The caudal approach to the epidural space involves the use of a Tuohy needle, an intravenous catheter, or a hypodermic needle to puncture the sacrococcygeal membrane . Injecting local anaesthetic at this level can result in analgesia and/or anaesthesia of the perineum and groin areas. The caudal epidural technique is often used in infants and children undergoing surgery involving the groin, pelvis or lower extremities. In this population, caudal epidural analgesia is usually combined with general anaesthesia since most children do not tolerate surgery when regional anaesthesia is employed as the sole modality.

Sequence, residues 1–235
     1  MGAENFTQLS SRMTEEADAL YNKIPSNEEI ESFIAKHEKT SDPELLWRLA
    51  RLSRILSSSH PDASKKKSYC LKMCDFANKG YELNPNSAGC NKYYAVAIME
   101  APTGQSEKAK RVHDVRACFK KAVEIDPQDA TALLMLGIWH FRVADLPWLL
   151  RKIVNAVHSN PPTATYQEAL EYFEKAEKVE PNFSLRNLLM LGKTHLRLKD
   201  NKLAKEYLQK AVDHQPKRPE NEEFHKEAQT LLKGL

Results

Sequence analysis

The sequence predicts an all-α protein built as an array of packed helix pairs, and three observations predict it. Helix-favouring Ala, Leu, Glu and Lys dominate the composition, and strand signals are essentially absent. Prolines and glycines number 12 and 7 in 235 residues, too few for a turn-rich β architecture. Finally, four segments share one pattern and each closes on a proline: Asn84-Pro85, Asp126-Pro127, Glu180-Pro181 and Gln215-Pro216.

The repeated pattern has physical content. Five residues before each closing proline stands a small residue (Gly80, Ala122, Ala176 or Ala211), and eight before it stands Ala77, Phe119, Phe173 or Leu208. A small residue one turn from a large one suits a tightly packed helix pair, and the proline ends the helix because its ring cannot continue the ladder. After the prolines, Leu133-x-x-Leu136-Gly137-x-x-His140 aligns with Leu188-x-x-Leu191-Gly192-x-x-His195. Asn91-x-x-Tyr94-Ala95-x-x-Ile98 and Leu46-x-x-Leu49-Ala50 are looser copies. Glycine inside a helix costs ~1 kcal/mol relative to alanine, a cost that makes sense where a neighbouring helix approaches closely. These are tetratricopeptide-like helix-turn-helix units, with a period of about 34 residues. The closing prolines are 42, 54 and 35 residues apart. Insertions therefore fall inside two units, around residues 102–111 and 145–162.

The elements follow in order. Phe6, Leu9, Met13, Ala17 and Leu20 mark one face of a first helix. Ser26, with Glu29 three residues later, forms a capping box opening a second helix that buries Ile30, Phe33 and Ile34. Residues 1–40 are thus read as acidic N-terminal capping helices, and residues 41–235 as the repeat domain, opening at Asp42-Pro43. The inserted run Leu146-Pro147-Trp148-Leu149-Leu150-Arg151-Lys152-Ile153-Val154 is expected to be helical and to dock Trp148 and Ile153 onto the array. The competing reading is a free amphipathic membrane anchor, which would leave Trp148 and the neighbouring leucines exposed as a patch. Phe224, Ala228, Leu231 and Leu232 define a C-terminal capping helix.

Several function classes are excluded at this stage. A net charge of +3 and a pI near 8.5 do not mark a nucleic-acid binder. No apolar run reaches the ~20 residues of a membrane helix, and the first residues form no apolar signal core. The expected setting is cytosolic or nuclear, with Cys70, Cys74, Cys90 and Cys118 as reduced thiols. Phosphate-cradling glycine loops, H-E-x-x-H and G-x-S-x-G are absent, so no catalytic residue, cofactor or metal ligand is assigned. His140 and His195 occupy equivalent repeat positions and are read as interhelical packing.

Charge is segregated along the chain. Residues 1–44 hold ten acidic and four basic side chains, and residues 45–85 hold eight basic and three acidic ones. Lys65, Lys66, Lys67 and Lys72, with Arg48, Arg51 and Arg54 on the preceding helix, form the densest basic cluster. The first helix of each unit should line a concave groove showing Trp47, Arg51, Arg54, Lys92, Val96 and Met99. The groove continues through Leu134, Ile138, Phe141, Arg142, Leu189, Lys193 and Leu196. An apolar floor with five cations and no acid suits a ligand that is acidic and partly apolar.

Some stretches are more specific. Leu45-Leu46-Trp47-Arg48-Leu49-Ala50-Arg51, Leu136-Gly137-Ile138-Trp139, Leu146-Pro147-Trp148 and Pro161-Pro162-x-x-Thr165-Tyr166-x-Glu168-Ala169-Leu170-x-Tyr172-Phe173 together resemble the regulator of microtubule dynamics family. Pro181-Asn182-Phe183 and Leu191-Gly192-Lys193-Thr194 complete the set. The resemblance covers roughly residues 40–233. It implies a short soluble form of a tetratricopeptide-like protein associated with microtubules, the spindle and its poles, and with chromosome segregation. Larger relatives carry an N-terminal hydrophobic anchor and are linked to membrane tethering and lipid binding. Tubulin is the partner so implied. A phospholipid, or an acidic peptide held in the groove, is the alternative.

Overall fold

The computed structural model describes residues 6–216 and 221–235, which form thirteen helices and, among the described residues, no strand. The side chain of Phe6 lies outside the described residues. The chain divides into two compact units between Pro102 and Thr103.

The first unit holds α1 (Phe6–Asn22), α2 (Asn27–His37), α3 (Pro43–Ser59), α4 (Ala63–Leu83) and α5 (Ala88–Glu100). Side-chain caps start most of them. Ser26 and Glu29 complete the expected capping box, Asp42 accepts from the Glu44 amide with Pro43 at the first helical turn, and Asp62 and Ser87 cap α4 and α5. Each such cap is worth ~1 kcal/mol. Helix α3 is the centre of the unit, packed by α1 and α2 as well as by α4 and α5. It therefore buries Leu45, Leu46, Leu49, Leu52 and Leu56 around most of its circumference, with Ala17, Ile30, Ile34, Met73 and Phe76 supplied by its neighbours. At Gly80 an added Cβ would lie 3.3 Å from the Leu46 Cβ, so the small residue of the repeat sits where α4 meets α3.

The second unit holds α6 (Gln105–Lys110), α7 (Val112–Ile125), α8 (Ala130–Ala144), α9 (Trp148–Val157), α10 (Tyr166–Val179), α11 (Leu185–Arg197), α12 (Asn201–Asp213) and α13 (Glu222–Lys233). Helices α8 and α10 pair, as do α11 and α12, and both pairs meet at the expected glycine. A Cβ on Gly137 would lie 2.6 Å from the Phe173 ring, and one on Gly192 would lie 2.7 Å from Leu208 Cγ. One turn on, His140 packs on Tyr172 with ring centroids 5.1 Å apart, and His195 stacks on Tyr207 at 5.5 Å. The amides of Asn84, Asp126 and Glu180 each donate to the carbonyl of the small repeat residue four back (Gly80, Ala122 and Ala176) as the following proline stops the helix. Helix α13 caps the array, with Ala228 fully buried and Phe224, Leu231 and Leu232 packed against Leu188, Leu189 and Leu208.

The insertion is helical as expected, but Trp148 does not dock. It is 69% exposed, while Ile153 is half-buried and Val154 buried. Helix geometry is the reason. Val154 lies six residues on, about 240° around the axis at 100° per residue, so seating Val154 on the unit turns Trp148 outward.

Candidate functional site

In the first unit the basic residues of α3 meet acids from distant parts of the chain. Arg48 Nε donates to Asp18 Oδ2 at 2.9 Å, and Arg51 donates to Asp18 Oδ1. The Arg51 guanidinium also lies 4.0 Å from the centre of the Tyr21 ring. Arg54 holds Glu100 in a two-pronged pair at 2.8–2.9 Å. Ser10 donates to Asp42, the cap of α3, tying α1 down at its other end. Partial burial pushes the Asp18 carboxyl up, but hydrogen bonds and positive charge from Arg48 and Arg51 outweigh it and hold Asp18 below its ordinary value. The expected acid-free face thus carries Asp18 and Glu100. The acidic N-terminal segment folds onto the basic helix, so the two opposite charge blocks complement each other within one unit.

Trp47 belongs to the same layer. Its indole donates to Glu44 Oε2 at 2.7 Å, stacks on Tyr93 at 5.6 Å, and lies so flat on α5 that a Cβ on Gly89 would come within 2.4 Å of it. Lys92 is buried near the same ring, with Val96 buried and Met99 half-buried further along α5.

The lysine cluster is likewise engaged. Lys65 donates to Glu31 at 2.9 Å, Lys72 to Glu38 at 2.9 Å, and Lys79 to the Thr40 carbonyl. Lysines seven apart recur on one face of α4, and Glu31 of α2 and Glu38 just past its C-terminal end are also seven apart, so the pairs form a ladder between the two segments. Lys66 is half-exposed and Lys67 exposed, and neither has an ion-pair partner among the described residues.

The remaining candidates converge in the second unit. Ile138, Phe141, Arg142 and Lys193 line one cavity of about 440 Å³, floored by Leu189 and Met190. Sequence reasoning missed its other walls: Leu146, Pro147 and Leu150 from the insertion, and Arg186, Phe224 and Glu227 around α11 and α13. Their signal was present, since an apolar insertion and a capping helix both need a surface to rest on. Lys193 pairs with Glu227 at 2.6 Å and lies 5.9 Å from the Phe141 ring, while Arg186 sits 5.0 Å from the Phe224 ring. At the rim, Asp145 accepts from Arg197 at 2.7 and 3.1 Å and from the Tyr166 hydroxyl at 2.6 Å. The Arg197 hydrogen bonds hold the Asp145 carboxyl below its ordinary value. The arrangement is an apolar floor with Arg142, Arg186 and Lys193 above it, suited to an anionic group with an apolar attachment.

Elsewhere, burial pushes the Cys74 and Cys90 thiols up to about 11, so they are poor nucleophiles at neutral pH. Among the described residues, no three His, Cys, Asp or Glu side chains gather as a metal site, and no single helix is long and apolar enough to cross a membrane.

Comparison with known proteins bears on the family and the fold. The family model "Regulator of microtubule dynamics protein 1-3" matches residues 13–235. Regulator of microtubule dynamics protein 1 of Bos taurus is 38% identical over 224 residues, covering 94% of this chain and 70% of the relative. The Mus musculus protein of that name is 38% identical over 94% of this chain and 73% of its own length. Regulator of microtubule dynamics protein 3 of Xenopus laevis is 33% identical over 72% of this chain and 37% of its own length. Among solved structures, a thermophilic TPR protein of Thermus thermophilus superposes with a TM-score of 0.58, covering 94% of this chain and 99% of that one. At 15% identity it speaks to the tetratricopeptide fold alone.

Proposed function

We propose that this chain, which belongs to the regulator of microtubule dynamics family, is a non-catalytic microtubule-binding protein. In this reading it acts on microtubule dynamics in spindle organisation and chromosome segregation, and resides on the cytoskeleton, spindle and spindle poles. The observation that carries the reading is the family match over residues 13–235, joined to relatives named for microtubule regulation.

It has been said that in many cases acute or chronic back pain can subside on it’s own within 3-6 months. This does not always mean that the source of the pain has healed but the inflammation in the nerves that causes pain sensations may have diminished. Epidurals are particularly effective in these cases as they enable a person to return to every-day activities; be that work, or exercise, much sooner that waiting months for pain to subside on its own. In cases where chronic pain does not subside within this period an epidural may have a short-term impact and may be a stepping stone to a more permanent treatment & long-term solution.